Ordinary Time Bible Study
Philippians: Friends in the Gospel
Note: When passages are quoted at the beginning of new sections, I will be using The Message translation because of its conversational, friendly tone. You can compare this version with others, as well as have access to Gordon Fee’s commentary, at Bible Gateway.
There’s an old Jewish joke that says if you’ve got two rabbis you’ve probably got three opinions, and often the church seems like that as well. Not only are there big theological differences, smoldering resentments from historical events long ago, and radical variations in styles of worship. There are also personality cults, clashes over leadership style, arguments on issues of moral behavior, cultural politics, and so on. How can we even begin to think that it might be possible to live the way Paul indicates here — thinking the same, loving each other completely, regarding everyone else (and their opinions!) as superior to you and your own?
• Tom Wright
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If you’ve gotten anything at all out of following Christ, if his love has made any difference in your life, if being in a community of the Spirit means anything to you, if you have a heart, if you care— then do me a favor: Agree with each other, love each other, be deep-spirited friends. Don’t push your way to the front; don’t sweet-talk your way to the top. Put yourself aside, and help others get ahead. Don’t be obsessed with getting your own advantage. Forget yourselves long enough to lend a helping hand.
Even the most beautiful and exotic flower has its roots in the dirt.
One of the most discussed theological texts in the New Testament is Philippians 2:5-11, the “Christ-hymn” that describes the “kenosis” of Jesus:
Let the same mind be in you that was in Christ Jesus,
who, though he was in the form of God,
did not regard equality with God
as something to be exploited,
but emptied himself,
taking the form of a slave,
being born in human likeness.
And being found in human form,
he humbled himself
and became obedient to the point of death—
even death on a cross.
Therefore God also highly exalted him
and gave him the name
that is above every name,
so that at the name of Jesus
every knee should bend,
in heaven and on earth and under the earth,
and every tongue should confess
that Jesus Christ is Lord,
to the glory of God the Father.
We will explore that wonderful, transcendent hymn next week, but today we look at the ordinary, mundane soil in which it is rooted. Paul’s magnificent description of Jesus’ humility, self-giving love, and subsequent exaltation as King grows out of an appeal to his Philippian friends to get along with each other. It doesn’t get much more basic or down-to-earth than that.
Paul reminds them:
- They have all received the encouragement of being welcomed into Christ’s family.
- In that family, they have found a love that comforts them.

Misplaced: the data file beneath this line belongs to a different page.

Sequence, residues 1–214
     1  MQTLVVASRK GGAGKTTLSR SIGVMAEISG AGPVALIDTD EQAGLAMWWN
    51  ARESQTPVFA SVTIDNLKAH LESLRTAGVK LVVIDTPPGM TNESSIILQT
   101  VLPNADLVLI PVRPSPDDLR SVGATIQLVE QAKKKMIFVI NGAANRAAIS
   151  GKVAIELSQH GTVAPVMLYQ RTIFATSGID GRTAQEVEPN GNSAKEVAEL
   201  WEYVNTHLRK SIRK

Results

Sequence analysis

- They share a family Spirit that binds them together.
- This family is characterized by mutual affection and bonds of sympathy.
Having experienced the reality of God’s work in their lives through Christ in the Spirit, he appeals to them:
- “Be of the same mind” — this doesn’t mean they must agree on everything, but that they must have respect for each other’s thoughts and feelings so that they can live harmoniously despite their differences.
- “Have the same love” — this is the love the gospel generates, the love that has been poured into their hearts by God in the Spirit, the love exemplified for them by Jesus (2:5-11): love for one another, love for their neighbors, even love toward their enemies.
- “Fix your minds on the same object” (Kingdom NT translation) — this is a description of being united by focusing together on a common goal. An orchestra is not united because all the instruments play the same notes, but because each musician follows the composer’s script and the lead of the conductor. Unity is not uniformity.
He ends with two sets of contrasts:
- DON’T live out of selfish pride that thinks “I’m at the center,” but DO live out of a humble perspective that honors and respects the value and importance of others.
- DON’T just think about advancing your own interests, but DO help others get ahead as well.
One of my favorite sports stories of all time comes from an incident that took place in a college softball game between Central Washington and Western Oregon in April, 2008.
Sara Tucholsky, a senior for Western Oregon, stepped up to the plate with two runners on base and did something she had never done in her 21 years of life. She smacked one over the fence. A three-run home run! So excited was she about this unlikely, timely display of power that she missed first base. Turning back to touch the bag, her right knee buckled, and she went down, crying and crawling back to first base.
What could she do? She was unable to walk and her teammates were not allowed, by rule, to assist her around the bases. The umpire let the coach know that if she could not proceed any further, the other two runners who scored would be counted, but she would only be credited with a single.
Then Mallory Holtman, Central Washington’s first baseman, spoke up and asked, “Excuse me, would it be OK if we carried her around and she touched each bag?” The umpires huddled and ruled that her opponents could do that within the rules. So, Liz Wallace, the CWU shortstop ran over and she and Holtman picked up the injured Tucholsky and began carrying her around the bases. They lowered her at second, third, and finally home.
As both teams and fans brushed back tears to see such remarkable sportsmanship, Sara Tucholsky celebrated her first home run, carried in the arms of her opponents.
May God grant us the grace to carry one another like that.
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Ordinary Time Bible Study
Philippians – Friends in the Gospel